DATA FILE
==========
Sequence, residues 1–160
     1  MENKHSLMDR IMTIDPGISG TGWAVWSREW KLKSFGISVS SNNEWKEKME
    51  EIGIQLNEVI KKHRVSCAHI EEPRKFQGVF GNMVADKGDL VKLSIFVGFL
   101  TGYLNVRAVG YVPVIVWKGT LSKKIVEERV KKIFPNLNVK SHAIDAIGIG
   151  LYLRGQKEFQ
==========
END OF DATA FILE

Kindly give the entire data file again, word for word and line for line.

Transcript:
Sequence, residues 1–160
     1  MENKHSLMDR IMTIDPGISG TGWAVWSREW KLKSFGISVS SNNEWKEKME
    51  EIGIQLNEVI KKHRVSCAHI EEPRKFQGVF GNMVADKGDL VKLSIFVGFL
   101  TGYLNVRAVG YVPVIVWKGT LSKKIVEERV KKIFPNLNVK SHAIDAIGIG
   151  LYLRGQKEFQ